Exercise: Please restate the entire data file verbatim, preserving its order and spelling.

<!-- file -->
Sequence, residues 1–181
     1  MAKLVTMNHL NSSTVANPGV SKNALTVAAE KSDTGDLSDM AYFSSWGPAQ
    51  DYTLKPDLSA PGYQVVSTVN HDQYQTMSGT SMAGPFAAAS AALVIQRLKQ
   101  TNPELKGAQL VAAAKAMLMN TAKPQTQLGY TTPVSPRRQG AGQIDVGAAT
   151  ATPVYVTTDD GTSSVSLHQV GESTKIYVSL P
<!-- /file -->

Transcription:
Sequence, residues 1–181
     1  MAKLVTMNHL NSSTVANPGV SKNALTVAAE KSDTGDLSDM AYFSSWGPAQ
    51  DYTLKPDLSA PGYQVVSTVN HDQYQTMSGT SMAGPFAAAS AALVIQRLKQ
   101  TNPELKGAQL VAAAKAMLMN TAKPQTQLGY TTPVSPRRQG AGQIDVGAAT
   151  ATPVYVTTDD GTSSVSLHQV GESTKIYVSL P